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Scrap the sibling rule, says regulator in bid to reduce burden on over-subscribed schools

30 November 2013 8,692 views No Comment

sibling• Office of the Schools Adjudicator warned some parents suffer disadvantages
• Their children are being squeezed out of classes by lots of siblings
PUBLISHED: 23:40, 29 November 2013 | UPDATED: 00:44, 30 November 2013

Popular schools should consider scrapping priority for younger brothers and sisters because it is unfair to local families, it was suggested yesterday.
The Office of the Schools Adjudicator (OSA) warned that some parents suffer ‘disadvantages’ because their children are being squeezed out of classes by lots of siblings.
They fail to gain places at nearby over-subscribed schools as families with a child already attending gain precedence for siblings even if they have moved away.

Over-subscription: Popular schools should consider scrapping the ‘sibling rule’ that gives priority to younger brothers and sisters of existing pupils
Others parents continue to lose out despite their primaries being forced to expand as available places are snapped up by brothers and sisters.
The problem is already leading to some schools abandoning the sibling rule altogether in favour of measuring all applicants based on their distance to the school gates.
The admissions regulator said that when a school is ‘popular and oversubscribed’ there will always be parents who are disappointed when they are not allocated a place for their child.
However, the School Admissions Code makes clear that ‘its purpose is to ensure that all school places for maintained schools and academies are allocated and offered in an open and fair way’.
While the OSA is not making a formal recommendation, its high profile criticism of sibling rules is likely to make more schools reassess their admission criteria in future.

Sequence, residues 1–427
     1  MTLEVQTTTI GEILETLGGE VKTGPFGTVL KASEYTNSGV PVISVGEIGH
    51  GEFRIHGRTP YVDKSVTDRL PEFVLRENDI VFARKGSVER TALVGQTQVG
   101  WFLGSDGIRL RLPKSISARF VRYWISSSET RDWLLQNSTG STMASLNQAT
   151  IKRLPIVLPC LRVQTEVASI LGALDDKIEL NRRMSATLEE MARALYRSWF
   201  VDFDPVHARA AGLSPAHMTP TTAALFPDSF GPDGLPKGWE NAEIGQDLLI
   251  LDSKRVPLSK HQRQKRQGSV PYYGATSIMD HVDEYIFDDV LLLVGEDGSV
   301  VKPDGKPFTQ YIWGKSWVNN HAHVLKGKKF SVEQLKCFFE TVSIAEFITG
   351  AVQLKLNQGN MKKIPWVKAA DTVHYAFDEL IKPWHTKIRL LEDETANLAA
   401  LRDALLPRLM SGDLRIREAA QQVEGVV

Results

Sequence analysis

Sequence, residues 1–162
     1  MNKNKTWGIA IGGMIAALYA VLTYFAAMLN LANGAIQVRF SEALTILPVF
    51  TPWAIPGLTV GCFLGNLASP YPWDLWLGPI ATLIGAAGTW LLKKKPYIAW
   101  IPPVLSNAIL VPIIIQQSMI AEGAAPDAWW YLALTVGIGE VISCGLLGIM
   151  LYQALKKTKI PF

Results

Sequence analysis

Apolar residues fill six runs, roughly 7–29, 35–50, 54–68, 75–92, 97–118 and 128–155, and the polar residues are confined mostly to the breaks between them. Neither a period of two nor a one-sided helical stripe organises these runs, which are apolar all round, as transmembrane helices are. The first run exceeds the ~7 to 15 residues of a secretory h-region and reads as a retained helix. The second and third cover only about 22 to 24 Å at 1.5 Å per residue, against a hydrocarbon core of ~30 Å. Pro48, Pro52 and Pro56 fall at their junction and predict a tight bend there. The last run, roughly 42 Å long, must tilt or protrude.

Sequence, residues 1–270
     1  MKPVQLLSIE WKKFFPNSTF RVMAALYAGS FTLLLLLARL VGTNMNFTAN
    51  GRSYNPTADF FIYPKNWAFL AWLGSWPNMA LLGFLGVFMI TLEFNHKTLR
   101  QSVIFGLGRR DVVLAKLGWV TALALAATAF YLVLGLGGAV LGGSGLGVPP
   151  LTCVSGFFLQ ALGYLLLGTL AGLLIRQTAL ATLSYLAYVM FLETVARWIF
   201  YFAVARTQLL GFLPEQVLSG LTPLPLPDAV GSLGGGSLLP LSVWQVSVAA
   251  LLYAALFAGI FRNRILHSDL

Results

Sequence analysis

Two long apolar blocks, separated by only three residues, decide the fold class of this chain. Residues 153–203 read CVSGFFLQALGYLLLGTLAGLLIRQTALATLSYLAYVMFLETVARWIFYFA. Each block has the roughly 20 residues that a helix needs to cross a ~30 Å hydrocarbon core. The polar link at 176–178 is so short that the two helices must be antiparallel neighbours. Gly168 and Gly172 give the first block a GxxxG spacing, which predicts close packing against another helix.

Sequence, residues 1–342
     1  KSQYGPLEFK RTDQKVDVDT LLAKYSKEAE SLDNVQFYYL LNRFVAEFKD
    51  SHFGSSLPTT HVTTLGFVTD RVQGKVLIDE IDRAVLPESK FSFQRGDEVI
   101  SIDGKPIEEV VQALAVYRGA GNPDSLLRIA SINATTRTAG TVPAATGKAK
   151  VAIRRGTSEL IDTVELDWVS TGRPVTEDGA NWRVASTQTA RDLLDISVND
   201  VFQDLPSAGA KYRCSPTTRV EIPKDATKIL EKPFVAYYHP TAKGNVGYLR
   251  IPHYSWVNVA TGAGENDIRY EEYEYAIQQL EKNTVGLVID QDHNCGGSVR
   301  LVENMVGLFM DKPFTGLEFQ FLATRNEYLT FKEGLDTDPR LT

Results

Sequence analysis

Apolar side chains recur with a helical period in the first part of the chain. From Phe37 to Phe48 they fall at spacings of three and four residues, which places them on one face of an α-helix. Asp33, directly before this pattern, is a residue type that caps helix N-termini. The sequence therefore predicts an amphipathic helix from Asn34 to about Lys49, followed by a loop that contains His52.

It comes amid a shortage of places, which this September saw thousands of pupils squeezed into ‘bulge’ classes as primary schools struggled to cope with a massive influx of pupils.
In its annual report, the regulator warned of the knock-on effect of these ‘bulge’ classes – an extra one-off reception class which continues throughout the school.
The OSA said that ‘solving the need to provide extra places for some children has created a problem for other children’.
It said: ‘The overall effect in some schools is that the priority for siblings has reduced the number of places available for children living near the school who do not have an older sibling already attending the school.’
The regulator stressed there is no ‘easy solution’, however some schools ‘try to achieve a degree of fairness by linking sibling and catchment for priority’.
Others ‘uncouple sibling and catchment and give priority on distance from home to school only’.

Professor Alan Smithers, director of the Centre for Education and Employment Research at Buckingham University, said there was a ‘manipulation’ of admissions by some parents
The annual report said that applying the sibling rule to all those living in or out of the catchment can lead to a ‘danger that first born or children new to the area will not gain a place at the school, their catchment school, nor will they have priority for any other catchment area.’
It added: ‘The advantages for one family of keeping siblings at the same, popular school lead to disadvantages for other families who, in the worst case scenario, end up with children in different schools, while those from further away have their highest preference met and attend the same school.’
The OSA also warned that some primaries are also giving ‘unfair’ priority to youngsters entering reception who went to certain pre-schools.
The Department for Education should consider issuing guidance for schools and local authorities so that youngsters ‘are not disadvantaged by any decisions their parents make about the care of their children prior to compulsory school age or by access to specific child care’.
Professor Alan Smithers, director of the Centre for Education and Employment Research at Buckingham University, said there was a ‘manipulation’ of admissions by some parents who secure a place for their first child and then move out of catchment and benefit from the sibling rule.
But he added that schools must react swiftly to the ‘bulge’ classes moving through and take ‘appropriate action’, ensuring there is necessary accommodation and good staff employed.
He said: ‘The ideal solution is lots of good school places so you don’t have this terrible squeeze.
‘I sympathize with parents over the desperate shortage of school places and successive governments haven’t really paid sufficient attention to the greatly increased birth rates and ensured schools provide for them.
‘Now we’re playing desperate catch up and parents are suffering the consequences.’
The OSA is responsible for ensuring that schools comply with admissions laws and its decisions are legally binding. It receives referrals mainly from parents but also schools, local authorities and members of the public.

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